Funding Airport Projects

Airport runway

Funding airport projects is a challenging task these days. The cost of construction is rising with no increase in available grant dollars. In fact, for the next three years, the FAA has now prioritized its discretionary funding on runway rehab projects, leaving significantly less funding for other projects. With these changing funding priorities, the Sponsor needs to be inventive to find funding for its other needed airport projects. Projects such as hangar development areas and buildings, fuel facilities, snow removal equipment buildings, and apron expansions are some projects that will now take more financial planning to attain your airport goals and capital improvement needs schedule.

For general aviation airports, it will take future allocations of federal non-primary entitlements to fund larger projects. It is good to see Congress looking at a 6-year funding bill with actual increases in AIP funds. This helps set a base for future project planning. However, all non-primary entitlement funds have a 4-year shelf life. If they are not used in the fourth year, they are put on the expiration list and a sponsor could lose them forever.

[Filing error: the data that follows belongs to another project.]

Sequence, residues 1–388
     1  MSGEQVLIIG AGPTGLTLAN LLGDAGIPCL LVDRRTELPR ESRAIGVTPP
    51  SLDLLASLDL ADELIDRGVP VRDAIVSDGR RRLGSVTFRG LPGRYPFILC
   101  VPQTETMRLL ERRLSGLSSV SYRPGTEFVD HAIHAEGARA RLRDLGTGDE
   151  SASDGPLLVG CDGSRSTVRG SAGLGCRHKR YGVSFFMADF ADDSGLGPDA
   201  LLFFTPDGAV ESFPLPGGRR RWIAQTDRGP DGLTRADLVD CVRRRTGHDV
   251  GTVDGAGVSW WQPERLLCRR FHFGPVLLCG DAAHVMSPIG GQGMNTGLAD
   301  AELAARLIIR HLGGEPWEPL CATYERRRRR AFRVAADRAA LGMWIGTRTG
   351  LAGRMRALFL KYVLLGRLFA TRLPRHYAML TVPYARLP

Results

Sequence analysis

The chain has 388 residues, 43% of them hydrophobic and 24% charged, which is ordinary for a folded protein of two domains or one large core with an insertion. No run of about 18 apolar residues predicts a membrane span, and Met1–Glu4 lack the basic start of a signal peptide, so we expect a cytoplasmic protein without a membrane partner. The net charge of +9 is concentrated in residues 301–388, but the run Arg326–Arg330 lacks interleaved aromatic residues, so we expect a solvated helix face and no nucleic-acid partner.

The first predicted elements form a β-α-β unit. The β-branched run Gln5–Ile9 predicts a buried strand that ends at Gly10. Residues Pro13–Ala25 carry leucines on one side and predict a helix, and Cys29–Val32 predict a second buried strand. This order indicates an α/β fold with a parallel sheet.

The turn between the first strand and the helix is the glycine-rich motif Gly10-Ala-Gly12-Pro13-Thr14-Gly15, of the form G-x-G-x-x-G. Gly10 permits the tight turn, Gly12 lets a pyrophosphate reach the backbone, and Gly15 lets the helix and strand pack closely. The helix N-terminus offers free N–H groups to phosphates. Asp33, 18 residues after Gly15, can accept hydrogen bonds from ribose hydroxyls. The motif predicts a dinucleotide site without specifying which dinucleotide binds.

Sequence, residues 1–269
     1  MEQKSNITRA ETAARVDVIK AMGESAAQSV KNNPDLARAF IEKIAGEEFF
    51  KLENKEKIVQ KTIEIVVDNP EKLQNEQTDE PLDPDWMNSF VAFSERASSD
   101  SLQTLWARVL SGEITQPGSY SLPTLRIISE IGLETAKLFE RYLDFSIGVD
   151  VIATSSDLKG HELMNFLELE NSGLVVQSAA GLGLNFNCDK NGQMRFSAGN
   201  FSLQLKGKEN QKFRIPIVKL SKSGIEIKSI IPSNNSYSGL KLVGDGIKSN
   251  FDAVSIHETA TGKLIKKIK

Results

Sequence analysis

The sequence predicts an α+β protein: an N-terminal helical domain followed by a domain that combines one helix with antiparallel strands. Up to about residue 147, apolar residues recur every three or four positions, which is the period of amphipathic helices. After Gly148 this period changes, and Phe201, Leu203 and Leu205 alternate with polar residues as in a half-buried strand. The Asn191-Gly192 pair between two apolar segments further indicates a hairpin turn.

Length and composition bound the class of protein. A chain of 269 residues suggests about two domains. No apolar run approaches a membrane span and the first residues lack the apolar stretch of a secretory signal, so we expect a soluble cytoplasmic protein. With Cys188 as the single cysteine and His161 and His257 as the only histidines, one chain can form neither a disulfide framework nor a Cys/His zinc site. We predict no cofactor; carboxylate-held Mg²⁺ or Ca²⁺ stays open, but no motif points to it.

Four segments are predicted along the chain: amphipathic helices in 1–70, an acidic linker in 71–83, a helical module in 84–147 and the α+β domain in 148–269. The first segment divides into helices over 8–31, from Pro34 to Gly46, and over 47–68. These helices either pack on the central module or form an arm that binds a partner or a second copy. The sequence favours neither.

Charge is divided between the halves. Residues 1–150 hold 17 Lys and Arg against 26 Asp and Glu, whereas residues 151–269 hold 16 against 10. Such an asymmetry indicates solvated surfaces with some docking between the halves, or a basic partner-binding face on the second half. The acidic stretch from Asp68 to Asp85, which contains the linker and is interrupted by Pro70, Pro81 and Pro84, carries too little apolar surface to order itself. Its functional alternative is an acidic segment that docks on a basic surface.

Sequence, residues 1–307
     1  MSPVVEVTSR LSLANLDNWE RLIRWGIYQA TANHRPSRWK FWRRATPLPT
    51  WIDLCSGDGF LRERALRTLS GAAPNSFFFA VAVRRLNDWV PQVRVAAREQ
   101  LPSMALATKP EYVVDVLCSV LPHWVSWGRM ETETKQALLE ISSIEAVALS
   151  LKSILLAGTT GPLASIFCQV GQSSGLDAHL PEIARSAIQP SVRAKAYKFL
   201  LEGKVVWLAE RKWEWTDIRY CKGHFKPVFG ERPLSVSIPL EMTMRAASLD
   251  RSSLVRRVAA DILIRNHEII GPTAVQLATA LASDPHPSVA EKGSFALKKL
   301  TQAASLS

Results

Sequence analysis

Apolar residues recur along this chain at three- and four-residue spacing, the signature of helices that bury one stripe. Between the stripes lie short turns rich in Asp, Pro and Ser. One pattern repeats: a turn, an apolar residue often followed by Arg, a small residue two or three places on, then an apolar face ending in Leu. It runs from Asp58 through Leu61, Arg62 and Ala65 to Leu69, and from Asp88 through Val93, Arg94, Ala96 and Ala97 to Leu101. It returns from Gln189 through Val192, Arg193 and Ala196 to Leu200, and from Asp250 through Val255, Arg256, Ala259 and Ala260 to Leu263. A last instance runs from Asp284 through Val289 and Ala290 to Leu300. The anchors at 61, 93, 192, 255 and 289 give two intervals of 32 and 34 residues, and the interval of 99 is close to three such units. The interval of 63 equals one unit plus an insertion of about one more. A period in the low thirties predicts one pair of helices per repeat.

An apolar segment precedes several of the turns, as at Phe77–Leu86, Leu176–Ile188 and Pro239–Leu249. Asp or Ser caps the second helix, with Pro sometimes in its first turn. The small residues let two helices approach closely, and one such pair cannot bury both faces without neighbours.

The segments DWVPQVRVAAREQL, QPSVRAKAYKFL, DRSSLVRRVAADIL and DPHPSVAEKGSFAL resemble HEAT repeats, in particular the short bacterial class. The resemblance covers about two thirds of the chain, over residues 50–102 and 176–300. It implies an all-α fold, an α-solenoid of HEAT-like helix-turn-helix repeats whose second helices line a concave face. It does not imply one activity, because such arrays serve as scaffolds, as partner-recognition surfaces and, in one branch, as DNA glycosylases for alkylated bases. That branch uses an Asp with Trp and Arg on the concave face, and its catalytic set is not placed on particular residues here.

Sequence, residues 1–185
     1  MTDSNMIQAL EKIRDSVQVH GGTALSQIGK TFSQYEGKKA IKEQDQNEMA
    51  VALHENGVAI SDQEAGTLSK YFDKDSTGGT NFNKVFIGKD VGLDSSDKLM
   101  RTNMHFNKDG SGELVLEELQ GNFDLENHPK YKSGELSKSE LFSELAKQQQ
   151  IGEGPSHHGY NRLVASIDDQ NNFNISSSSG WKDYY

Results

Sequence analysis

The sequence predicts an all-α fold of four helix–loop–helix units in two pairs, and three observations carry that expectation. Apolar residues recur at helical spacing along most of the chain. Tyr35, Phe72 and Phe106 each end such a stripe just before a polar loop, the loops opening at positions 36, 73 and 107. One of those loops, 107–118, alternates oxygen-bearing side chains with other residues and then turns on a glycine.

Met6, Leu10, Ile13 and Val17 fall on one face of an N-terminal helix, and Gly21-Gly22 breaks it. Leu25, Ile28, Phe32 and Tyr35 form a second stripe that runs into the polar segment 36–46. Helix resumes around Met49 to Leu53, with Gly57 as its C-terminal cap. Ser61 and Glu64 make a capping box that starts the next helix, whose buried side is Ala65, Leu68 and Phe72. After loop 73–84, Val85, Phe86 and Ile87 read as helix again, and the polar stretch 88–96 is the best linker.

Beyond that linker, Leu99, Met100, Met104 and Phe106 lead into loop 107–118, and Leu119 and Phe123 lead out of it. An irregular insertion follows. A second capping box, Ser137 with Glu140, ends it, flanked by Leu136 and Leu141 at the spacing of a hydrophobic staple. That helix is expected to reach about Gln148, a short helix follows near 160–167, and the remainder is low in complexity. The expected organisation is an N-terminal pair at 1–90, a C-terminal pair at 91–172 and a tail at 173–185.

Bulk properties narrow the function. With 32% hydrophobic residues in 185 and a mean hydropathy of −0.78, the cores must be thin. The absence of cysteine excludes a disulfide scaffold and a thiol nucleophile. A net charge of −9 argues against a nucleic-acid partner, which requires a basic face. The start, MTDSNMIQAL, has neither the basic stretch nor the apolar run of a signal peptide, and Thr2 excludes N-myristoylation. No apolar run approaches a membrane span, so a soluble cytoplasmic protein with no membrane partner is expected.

One method to keep your non-primary entitlement funds from lapsing and make them available for use at a later date is to loan them to another airport.  Conversely, a Sponsor can pool non-primary funds, borrowed from other airports, to fund its project. This creates a win-win situation for both airports.  Exchange of non-primary entitlements from other airports is done with airports in the same state and usually includes a negotiated project schedule and funds payback year. The process is always coordinated with FAA during the grant pre-application phase and tracked by State officials. The two forms needed are Agreement for Transfer Entitlements and Federal Airport Funding Repayment Agreement. Accepting the funds is completed the year that you will use the funds and, as noted, almost always involves the use of expiring funds from other airports. Since the FAA tracks expiring funds, they can be a good source to help identify airports that are not using their expiring funds.

Bolton & Menk, Inc. works with sponsors to look at future projects to anticipate when additional federal funds will be needed. If the projects do not rank high on the discretionary list, we can then help you look at other funding strategies such as pooling non-primary entitlement funds.

If you would like to discuss funding options and methods for your upcoming CIP projects, please contact Ron Roetzel.

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